Intro: Still working on 'bringing back Wood Games 3D' which have a rest-server in the background that handles leaderboards and some competition (the daily world championship). On android I was relying (in 2010/11) on scoreloop-service that handled this for me (but got taken down sometime). I later had an java-applet version for which I had to create a server on my own (since scoreloop was only for mobile). And this is the server I want now to handle android as well...
Problem Android 10(sdk 29) and also earlier(?) don't allow http-calls anymore. There are ways to 'opt-in' it back, but it makes absolutely sense to have a secured connection.
So if you stumbled over following you are right here:
javax.net.ssl.SSLHandshakeException: java.security.cert.CertPathValidatorException: Trust anchor for certification path not found.
Setup Tomcat for SSL:
keytool -genkey -keystore tomcat.keystore -alias tomcat -keyalg RSA -keysize 4096
Important: The CN/Name (first entry) must be the name of the server you are connecting to. At my (local) setup with only some IP-Address (e.g. 192.168.178.188 ) I had to choose this IP-Address as name (otherwise android will not be happy) But if you need to connect to a domain, you need to specify the domain-name itself
After the creation keytool warns (at least at my current version):
Warning: The JKS keystore uses a proprietary format. It is recommended to migrate to PKCS12 which is an industry standard format using "keytool -importkeystore -srckeystore tomcat.keystore -destkeystore tomcat.keystore -deststoretype pkcs12".
So do as you suggested. (Not sure if this is mandatory)
Extract the cert:
keytool -export -keystore tomcat.keystore -alias tomcat -file tomcat.cer`
Type in the keystore password and the file tomcat.cer appears in your current folder.
copy this file to your Android-Project in Folder res/raw
cp tomcat.cer /home/..../project/res/raw
locate your tomcat's server.xml:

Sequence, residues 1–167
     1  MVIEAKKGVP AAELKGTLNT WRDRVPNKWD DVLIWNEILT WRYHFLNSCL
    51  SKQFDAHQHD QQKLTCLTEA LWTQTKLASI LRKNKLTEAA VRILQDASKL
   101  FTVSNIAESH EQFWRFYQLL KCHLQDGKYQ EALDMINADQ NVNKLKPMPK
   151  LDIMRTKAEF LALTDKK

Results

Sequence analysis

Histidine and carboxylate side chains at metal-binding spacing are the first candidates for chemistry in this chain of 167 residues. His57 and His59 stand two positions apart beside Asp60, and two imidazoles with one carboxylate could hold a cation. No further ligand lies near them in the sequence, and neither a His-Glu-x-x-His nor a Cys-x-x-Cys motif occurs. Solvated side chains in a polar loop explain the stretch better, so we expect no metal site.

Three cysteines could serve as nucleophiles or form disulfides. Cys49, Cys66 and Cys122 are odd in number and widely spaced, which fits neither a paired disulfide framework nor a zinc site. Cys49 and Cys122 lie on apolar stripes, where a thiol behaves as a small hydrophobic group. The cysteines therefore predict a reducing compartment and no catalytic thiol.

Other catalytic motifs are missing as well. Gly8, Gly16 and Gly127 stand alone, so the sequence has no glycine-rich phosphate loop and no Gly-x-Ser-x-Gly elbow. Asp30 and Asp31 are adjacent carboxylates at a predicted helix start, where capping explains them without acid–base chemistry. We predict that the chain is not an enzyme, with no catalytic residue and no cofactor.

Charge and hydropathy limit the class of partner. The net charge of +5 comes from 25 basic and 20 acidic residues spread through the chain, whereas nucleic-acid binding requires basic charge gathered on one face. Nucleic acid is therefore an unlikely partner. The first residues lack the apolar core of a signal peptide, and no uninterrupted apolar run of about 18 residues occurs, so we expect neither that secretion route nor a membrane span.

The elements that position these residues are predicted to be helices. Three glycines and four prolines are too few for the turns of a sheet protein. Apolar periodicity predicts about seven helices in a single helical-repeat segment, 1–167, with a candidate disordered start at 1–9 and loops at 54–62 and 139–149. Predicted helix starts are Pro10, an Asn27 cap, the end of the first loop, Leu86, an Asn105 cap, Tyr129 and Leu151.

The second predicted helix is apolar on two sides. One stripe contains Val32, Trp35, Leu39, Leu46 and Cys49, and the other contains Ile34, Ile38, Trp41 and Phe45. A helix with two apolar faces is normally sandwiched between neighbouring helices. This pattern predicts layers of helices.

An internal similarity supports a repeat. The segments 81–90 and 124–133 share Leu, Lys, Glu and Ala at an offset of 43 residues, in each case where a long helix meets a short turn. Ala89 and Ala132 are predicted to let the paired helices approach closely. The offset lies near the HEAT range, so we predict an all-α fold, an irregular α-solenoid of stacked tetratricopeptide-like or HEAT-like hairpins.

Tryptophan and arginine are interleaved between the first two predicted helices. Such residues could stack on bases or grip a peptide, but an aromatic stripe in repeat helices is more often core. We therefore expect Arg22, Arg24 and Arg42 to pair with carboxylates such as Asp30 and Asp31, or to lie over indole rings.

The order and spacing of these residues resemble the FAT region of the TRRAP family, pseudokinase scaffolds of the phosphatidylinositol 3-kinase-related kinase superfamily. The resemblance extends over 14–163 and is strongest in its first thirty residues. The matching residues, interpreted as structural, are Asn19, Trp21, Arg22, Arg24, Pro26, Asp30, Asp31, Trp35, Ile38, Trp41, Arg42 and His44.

- if running it from within eclipse: 'Project Explorer'-View->Servers->Tomcat->server.xml
Usually there is already an SSL-configuration that just needs to be uncommented and setup to use our just created certificate(locate and change so it fits)
<Connector port="8443" protocol="org.apache.coyote.http11.Http11Protocol" maxThreads="150" SSLEnabled="true" scheme="https" secure="true" clientAuth="false" sslProtocol="TLS" keystoreFile="FOLDER_WITH_KEYSTORE/tomcat.keystore" keystorePass="FILLIN_YOUR_KEYSTORE_PASSWORD"/>
restart tomcat. From now on your server accepts https on port 8443
Three (or more) problems that might occur with this topic and all will be gone once you have set up the right network-security-config:
- Something about "cleartextTrafficPermitted....": You are not allowed to use http://...-calls (you can opt it in)
- "Trust anchor for certification path not found": The ssl-connection's certificate is neither signed by a trusted CA nor known (yet)
- "hostname in certificate didn't match:
!=: The CN of your certificate does not match the hostname you are calling it with. "
In your android-project create a file: res/xml/network_security_config.xml:
<?xml version="1.0" encoding="utf-8"?> <network-security-config> <base-config cleartextTrafficPermitted="false" /> <domain-config> <domain includeSubdomains="true">YOUR_DOMAIN_OR_IP</domain> <trust-anchors> <!-- Trust a debug certificate in addition to the system certificates --> <certificates src="system" /> <certificates src="@raw/tomcat" /> </trust-anchors> </domain-config> </network-security-config>
Here we reference the formerly copied tomcat-certificate-file tomcat.cer in the line:
<certificates src="@raw/tomcat" />
You can add multiple domains here. But each domain needs obviously a valid certificate
Now we need to reference this new file in the Android-Manifest. In your application-tag add following attribute:
resulting in somthing like this:
<application android:name="org.your.Application" android:enabled="true" android:icon="@drawable/ic_launcher" android:label="@string/app_name" android:allowBackup="false" android:networkSecurityConfig="@xml/network_security_config" >
TargetSDK: Insert something like this that fits your project as well right after the manifest-tag:
<uses-sdk android:minSdkVersion="24" android:targetSdkVersion="29"/>
If you choose a minSdkVersion < 24 you get warned:
Attribute `networkSecurityConfig` is only used in API level 24 and higher (current min is 8)
I don't know what that means. Does it mean that <24 devices won't work or don't need it, because they just call this host without knowing the CA?? EDIT:: In this case you will need to initialize the SSL-Certificate on your own, I tried to use the same method as I use for the desktop client but get some 'Unknown Class'-Exception. So for android-version < API-Level 24 I fall back to http. I will output some kind of warning about unsecure network-communication....
project.properties: I set this to target android-29. Set for your project accordingly
Make sure to use the right address/port now and use 'https'. But from now on you line in 'safe'
I had to activate legacy apache-http-client. I did try to use one of my own but the app crashed everytime (saying something like mismatched implementation-something).
After the application tag include this:
<uses-library android:name="org.apache.http.legacy" android:required="false"/>
Not sure how long this option is available. It should be the goal to use the http-client of your own...